A casino proposal for Suffolk Downs should be considered by all of Boston in a citywide referendum, Suffolk District Attorney Daniel Conley, a candidate for Boston mayor, said Monday in a major departure from the policy of Mayor Thomas M. Menino.
“We’re one city; we have one shared future,” Conley said in a Globe interview. “This referendum must be citywide and the results must be read to reflect our shared stake in the outcome of this important vote.”
Menino favors limiting the casino vote to the East Boston neighborhood around the horse track. In publicly breaking from the mayor on the high-profile casino issue, Conley distinguished himself in a crowded pack of mayoral contenders, at the risk of alienating Menino, who remains a powerful political force.
Under the 2011 state gambling law, no casino proposal can be considered for a license unless it wins the endorsement of the host community in a referendum. The law allows the state’s largest cities to limit the vote to the ward in which the project would be built — or to expand the vote citywide.
Menino, who is not running for reelection, has been adamant that the effects of a Suffolk Downs casino would primarily be felt in East Boston, so only those residents deserve a vote on the plan. His spokeswoman, Dot Joyce, reinforced his position Monday: “The city of Boston will continue to follow the letter of the law which says that in cities [our] size the vote should be in the neighborhood that is impacted,” she said by e-mail.
Suffolk Downs, with its partner Caesars Entertainment, has proposed a $1 billion gambling resort at the track.
Conley agreed that East Boston “would feel the greatest impact” of the Suffolk Downs project, but argued that “a casino is going to affect all of us. . . . I think it’s going to affect city services in a significant way; it’s going to impact our tax revenue.”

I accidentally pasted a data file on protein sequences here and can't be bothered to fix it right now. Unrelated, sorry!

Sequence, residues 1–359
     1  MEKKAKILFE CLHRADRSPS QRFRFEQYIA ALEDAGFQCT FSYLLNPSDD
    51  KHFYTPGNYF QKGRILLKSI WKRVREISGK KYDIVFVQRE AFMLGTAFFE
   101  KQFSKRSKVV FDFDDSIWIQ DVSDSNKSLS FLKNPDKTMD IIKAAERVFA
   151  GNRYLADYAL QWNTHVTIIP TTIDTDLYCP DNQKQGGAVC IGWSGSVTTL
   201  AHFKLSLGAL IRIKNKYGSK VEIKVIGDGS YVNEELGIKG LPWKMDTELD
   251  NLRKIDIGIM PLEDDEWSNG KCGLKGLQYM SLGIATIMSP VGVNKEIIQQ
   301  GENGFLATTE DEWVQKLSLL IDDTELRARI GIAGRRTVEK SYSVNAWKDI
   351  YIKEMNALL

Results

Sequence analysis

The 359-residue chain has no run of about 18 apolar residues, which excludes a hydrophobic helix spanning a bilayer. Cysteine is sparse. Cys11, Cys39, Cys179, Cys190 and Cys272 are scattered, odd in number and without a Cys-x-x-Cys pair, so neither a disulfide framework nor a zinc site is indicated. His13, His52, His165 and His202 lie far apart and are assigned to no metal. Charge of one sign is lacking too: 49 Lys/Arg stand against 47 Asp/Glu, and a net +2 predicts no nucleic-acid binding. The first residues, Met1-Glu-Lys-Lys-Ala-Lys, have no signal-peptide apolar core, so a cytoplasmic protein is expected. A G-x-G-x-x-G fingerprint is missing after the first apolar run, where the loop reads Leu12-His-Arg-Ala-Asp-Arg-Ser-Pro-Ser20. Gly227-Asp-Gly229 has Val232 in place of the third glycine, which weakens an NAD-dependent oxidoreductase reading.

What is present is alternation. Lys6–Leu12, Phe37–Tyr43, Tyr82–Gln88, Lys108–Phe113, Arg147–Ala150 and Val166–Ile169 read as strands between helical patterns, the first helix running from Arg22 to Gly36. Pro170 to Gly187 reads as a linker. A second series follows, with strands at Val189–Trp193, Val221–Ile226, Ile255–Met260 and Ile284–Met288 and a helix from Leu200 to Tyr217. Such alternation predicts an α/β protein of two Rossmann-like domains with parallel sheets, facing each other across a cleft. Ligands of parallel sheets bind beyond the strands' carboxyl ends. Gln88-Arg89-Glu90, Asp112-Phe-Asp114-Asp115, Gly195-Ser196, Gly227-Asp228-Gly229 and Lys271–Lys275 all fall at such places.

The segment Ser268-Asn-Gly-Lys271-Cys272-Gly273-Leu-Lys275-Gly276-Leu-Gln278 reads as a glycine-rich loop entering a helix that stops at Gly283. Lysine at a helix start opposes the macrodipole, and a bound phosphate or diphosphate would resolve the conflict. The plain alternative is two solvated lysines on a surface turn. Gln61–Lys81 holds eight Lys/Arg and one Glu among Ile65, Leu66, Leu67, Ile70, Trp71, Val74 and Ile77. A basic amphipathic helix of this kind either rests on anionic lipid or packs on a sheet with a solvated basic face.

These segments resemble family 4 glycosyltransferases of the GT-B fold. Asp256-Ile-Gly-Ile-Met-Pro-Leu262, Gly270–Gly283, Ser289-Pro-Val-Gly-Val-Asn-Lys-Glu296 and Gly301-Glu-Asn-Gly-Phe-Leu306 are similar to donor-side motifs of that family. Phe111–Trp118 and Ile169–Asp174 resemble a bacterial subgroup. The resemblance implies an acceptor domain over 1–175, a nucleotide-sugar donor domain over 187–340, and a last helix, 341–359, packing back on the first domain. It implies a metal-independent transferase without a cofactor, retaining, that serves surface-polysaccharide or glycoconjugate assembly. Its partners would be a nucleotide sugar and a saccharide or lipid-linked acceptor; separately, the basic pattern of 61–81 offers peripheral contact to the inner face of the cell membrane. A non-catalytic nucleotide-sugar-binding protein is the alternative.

Conley’s position on a citywide vote would appear to have broad support: 66 percent of Boston adults favored a citywide vote, while 27 percent believed East Boston alone should make the decision, according to a Globe poll conducted in March by the Survey Center at the University of New Hampshire. The margin of error was 4.7 percent.
Calling himself a “casino agnostic” lacking strong feelings either way, Conley said no casino should be built at Suffolk Downs unless the project is approved by a majority of all city voters — as well as a majority within East Boston.
“Essentially, that would give the people of the host neighborhood a position of primacy and an important protection from having a casino imposed on them, but in a two-part threshold, it prevents just a single neighborhood from setting a course for the entire city,” he said.
If the referendum were to fail, Conley said he is “ready to pursue a broader vision” for the neighborhood, citing the transformation of the South Boston waterfront after a proposal for an NFL stadium failed.
“Instead of one project, a stadium, the city has created tens of thousands of jobs across a decade and it’s still going,” he said. “Now it’s referred to as the Innovation District. . . . Maybe that’s what the area over in East Boston ought to be? I think there are many things we could do over there with some imagination and some partnership and some planning.”
After Conley’s announcement, the Globe asked other prominent mayoral candidates to take a position on the casino referendum.
John Barros, a former School Committee member, agreed the vote should be citywide. “While there can be an economic benefit, there will also be social detriment,” Barros said in a statement. “Which is why it is my belief that the voters of Boston, as the legislation provides, should be provided an opportunity to fully review and vote on the issue.”
Bill Walczak, a longtime community organizer, also called for a citywide vote: “We need to listen to our citizens on a decision that has a potential lasting impact on our city, and we need to make sure every voter has a chance to weigh in.”
Several candidates reached Monday night disagreed.
Councilor Felix Arroyo said he supports “a local vote on the casino because I believe those most impacted by the development should be the ones to decide this issue.”
Councilor Rob Consalvo “believes the neighborhood should decide,” his campaign said. “He has long supported an East Boston-only referendum.”
Councilor John Connolly, through a spokesperson, said big development projects disproportionately affect local neighbors, who should be the ones to decide if the project moves ahead.
Councilor Michael Ross also said East Boston should have the vote: “I believe that our neighbors, families, and businesses in East Boston . . . should have their voices heard the loudest.”
A Suffolk Downs spokesman declined to comment on Conley’s call for a citywide vote.